The Meteorologist

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Cover art copyright 2011 by Jeroen ten Berge

All rights reserved.

BOOKREPORTER

Blake Crouch is the most exciting new thriller writer I've read in years.

DAVID MORRELL

THE METEOROLOGIST is a work of fiction. Names, characters, businesses, organizations, places, events, and incidents either are the product of the author’s imagination or are used fictitiously. Any resemblance to actual persons, living or dead, events, or locales is entirely coincidental.

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* * * * *

Summer of the year two thousand and six found him on the plains of west Kansas, veering onto the off-ramp at Exit 95. Hoxie (pop. 1200) lay sixteen miles due north of the interstate, the blaring inconsequence of the town only underscored by its station on the prairie. It was a black freckle on the roadmap, the sort of place one passes through in wonderment that people actually live there.

Peter secured permission from the owner of Hoxie’s only motel to squat in their parking lot for fifteen dollars a day. Paid for three in advance and emerged from the small office into an evening that had failed to release the preceding hours’ blistering store of heat. Across the empty parking lot, slats of sunlight glinted off the chrome hubcaps of his ’87 Winnebago Chalet. Peter considered the microwave inside and the TV dinners in the freezer, any of which he’d had twenty times before. It had been a long day behind the wheel—492 miles—and since the thought of eating dinner alone in the RV depressed the hell out of him, he started walking.

The downtown went for three blocks, and as he moved along the sidewalk, he kept glimpsing prairie—down alleys between the buildings, beyond the dirt streets lined with shabby houses. The sun struck all that grass in glancing blows, and the color changed as the wind blew across it. Green to gold, back to green again. Endless.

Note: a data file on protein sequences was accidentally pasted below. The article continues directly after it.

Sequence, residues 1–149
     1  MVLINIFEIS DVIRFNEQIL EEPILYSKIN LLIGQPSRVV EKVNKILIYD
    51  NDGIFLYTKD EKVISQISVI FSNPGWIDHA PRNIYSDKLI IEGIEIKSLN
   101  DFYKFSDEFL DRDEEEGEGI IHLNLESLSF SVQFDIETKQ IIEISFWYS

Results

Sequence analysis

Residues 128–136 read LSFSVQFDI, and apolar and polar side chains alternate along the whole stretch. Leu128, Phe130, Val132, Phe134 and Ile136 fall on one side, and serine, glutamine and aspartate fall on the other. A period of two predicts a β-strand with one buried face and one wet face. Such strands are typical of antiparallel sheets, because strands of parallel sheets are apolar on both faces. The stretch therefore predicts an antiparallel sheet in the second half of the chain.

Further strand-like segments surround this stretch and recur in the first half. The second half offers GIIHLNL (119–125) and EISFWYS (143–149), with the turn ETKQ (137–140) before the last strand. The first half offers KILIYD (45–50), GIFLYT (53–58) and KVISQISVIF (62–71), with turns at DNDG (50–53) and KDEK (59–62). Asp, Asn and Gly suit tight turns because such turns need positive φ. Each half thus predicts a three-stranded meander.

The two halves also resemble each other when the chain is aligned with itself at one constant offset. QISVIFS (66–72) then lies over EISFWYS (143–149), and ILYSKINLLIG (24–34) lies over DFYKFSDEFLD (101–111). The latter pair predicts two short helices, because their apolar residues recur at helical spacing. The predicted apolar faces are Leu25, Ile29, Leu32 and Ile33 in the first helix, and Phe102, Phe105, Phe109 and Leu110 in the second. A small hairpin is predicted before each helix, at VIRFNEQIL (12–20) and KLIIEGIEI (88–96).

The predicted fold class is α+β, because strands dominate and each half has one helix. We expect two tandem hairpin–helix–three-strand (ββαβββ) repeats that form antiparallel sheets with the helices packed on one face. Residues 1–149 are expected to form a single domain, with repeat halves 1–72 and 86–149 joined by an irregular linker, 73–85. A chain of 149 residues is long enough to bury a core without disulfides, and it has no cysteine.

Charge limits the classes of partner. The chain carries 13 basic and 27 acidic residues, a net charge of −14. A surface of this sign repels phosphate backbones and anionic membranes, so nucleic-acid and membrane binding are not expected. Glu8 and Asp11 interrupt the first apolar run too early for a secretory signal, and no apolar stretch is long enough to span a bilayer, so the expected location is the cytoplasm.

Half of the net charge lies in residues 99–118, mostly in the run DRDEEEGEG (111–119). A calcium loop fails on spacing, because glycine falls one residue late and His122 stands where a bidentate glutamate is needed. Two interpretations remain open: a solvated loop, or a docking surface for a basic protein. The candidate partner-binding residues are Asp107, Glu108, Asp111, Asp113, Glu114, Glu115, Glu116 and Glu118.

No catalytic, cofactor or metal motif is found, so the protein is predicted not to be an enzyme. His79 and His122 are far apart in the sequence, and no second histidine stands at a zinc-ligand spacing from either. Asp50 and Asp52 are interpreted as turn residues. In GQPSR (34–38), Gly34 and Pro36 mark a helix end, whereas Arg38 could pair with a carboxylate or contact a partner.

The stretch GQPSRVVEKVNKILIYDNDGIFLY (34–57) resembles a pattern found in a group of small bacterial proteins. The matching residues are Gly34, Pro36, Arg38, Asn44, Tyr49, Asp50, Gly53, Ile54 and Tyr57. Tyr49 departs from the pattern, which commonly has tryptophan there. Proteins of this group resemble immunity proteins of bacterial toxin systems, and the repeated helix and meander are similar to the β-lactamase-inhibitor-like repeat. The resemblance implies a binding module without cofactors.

Where the business district stopped, he eased down onto a bench and stared sixty or seventy miles to the south at a supercell creeping silently across the plains like an atomic sunset.

Bad lighting. Jazz so easy-listening he couldn’t help but to think of that single video of soft-core he kept behind the respectable DVD collection in the RV—a bride and the best man trapped in an elevator the day of her wedding.

The waitress was wiping a table in the back, and she called out, “Sit wherever you like!”

He slid into a window booth as a trio of skateboarders rolled by, his eyes following their movement, then catching on the bulbous, powder-blue water tower that loomed behind the school. It felt good to be out of the RV. He stretched his legs under the table, let his heels rest on the cushion of the opposite seat.

Voices slipped through a cracked door in the rear wall of the restaurant, and he thought it might be a waiter calling out rapid-fire orders to the chef, but considering he was the only customer, that seemed unlikely.

He left the table and walked over to the door and nudged it open.

“B-eleven.”

“Hit.”